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Lecture 17

PS101 Lecture Notes - Lecture 17: Obsessive–Compulsive Disorder, Posttraumatic Stress Disorder, Anxiety Disorder


Department
Psychology
Course Code
PS101
Professor
Don Morgenson
Lecture
17

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PS101 Nov. 11, 2010
Psychology 101
Final midterm will be cumulative
Anxiety disorders
- Among the most common; single largest category
- 17% of all Canadians suffer from some sort of anxiety disorder
- Existentialists would argue that all of us have ontology (study of nature of human beings)
disorder
- Those who move past the anxiety grow
Symptoms of Anxiety
1. Very high levels of diffused but negative emotions
2. Feat of uncontrollability
- Perceived control is fundamental
3. Shift to self-focus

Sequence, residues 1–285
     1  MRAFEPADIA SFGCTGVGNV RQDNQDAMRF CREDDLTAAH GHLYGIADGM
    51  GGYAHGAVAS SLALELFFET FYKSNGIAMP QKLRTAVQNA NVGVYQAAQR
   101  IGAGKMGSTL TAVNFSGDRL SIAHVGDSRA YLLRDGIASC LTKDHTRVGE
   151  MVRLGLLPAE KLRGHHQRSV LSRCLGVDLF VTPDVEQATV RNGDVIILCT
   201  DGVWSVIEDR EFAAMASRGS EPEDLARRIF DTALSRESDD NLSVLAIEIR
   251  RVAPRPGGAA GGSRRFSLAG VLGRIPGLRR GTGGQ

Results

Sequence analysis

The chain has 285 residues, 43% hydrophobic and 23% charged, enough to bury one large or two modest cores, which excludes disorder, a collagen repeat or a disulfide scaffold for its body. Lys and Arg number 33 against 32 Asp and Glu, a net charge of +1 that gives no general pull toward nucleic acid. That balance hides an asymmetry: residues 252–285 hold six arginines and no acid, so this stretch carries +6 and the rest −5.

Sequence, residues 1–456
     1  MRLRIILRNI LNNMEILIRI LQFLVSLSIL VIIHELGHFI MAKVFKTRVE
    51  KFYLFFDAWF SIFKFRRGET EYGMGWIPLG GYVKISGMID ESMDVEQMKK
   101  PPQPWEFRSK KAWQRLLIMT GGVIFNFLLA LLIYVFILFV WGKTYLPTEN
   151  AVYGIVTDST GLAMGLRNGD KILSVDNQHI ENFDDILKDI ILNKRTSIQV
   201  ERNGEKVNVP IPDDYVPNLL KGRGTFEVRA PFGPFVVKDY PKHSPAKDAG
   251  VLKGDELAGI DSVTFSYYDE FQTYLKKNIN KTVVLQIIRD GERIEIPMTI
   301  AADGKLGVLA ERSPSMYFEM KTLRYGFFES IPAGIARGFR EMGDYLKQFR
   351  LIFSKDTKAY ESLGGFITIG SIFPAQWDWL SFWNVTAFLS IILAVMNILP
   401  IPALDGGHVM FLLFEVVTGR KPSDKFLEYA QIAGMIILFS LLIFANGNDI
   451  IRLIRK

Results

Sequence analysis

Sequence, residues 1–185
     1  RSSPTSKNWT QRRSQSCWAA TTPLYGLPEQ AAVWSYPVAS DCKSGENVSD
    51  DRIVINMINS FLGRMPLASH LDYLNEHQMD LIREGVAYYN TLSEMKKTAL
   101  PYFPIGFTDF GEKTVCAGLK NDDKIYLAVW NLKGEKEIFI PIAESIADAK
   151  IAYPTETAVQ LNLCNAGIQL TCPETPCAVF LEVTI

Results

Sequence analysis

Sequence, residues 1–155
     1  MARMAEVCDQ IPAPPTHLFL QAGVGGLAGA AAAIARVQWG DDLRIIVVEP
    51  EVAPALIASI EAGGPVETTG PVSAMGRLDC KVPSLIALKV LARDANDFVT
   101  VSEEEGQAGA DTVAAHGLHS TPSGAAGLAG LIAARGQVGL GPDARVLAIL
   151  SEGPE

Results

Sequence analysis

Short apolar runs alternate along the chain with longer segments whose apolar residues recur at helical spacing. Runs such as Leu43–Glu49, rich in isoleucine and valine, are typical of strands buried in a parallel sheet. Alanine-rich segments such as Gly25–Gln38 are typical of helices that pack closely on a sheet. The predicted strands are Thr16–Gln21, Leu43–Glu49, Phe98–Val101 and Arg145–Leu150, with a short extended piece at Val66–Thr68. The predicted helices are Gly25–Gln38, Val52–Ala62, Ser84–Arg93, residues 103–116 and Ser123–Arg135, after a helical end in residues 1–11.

- “What’s happening to me is all that’s important”
Anxiety is expressed in a variety of ways and takes a variety of form
1. Panic attacks/Generalized Anxiety Disorder
- Anxiety is unfocused
2. Phobias
- Anxiety is highly focused as long as you can avoid your fear
3. Obsessive Compulsive Disorder
- Anxiety increases if you do not perform those behaviours
4. Somatic
5. Dissociative disorder
- Develops a multiple personality
Panic attacks
- To be diagnosed, you must have 4 attacks within a 4 week period
- Females struggle with panic attacks more than males
- A panic attack occurs suddenly, unexpectedly,
- Derealisation: the real world looks unreal
- Depersonalization
- “What’s familiar is no longer familiar”
- Trigger
- Cued or uncued?
- Only 9% of panic attacks occur at home
- Agoraphobics cannot leave their home
- Generalized anxiety disorders admittedly a low level disorder
o Excess worry about money, health, family, work
o Secondary anxiety: worry about worry; worried that anxiety will take over their lives
socially
Post-traumatic stress disorder
- Not unusual to experience a great deal of stress after trauma
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